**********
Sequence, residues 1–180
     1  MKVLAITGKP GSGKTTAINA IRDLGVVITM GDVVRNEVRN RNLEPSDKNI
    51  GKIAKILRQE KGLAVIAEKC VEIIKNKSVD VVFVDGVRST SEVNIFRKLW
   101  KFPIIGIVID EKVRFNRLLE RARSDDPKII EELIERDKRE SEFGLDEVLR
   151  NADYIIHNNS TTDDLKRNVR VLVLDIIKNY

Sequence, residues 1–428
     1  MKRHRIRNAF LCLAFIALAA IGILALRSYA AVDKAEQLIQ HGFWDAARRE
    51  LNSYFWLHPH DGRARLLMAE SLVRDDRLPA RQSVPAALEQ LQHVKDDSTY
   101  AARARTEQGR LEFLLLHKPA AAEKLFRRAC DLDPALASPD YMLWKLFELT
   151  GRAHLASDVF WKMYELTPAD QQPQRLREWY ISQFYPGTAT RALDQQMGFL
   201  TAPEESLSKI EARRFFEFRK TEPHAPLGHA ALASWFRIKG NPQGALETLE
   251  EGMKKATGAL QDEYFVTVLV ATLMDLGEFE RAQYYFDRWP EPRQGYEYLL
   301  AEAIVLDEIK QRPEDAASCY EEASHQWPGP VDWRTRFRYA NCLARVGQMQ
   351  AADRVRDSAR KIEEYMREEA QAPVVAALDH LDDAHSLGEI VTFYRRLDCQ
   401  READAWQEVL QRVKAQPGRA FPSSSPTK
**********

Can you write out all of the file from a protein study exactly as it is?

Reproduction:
Sequence, residues 1–180
     1  MKVLAITGKP GSGKTTAINA IRDLGVVITM GDVVRNEVRN RNLEPSDKNI
    51  GKIAKILRQE KGLAVIAEKC VEIIKNKSVD VVFVDGVRST SEVNIFRKLW
   101  KFPIIGIVID EKVRFNRLLE RARSDDPKII EELIERDKRE SEFGLDEVLR
   151  NADYIIHNNS TTDDLKRNVR VLVLDIIKNY

Sequence, residues 1–428
     1  MKRHRIRNAF LCLAFIALAA IGILALRSYA AVDKAEQLIQ HGFWDAARRE
    51  LNSYFWLHPH DGRARLLMAE SLVRDDRLPA RQSVPAALEQ LQHVKDDSTY
   101  AARARTEQGR LEFLLLHKPA AAEKLFRRAC DLDPALASPD YMLWKLFELT
   151  GRAHLASDVF WKMYELTPAD QQPQRLREWY ISQFYPGTAT RALDQQMGFL
   201  TAPEESLSKI EARRFFEFRK TEPHAPLGHA ALASWFRIKG NPQGALETLE
   251  EGMKKATGAL QDEYFVTVLV ATLMDLGEFE RAQYYFDRWP EPRQGYEYLL
   301  AEAIVLDEIK QRPEDAASCY EEASHQWPGP VDWRTRFRYA NCLARVGQMQ
   351  AADRVRDSAR KIEEYMREEA QAPVVAALDH LDDAHSLGEI VTFYRRLDCQ
   401  READAWQEVL QRVKAQPGRA FPSSSPTK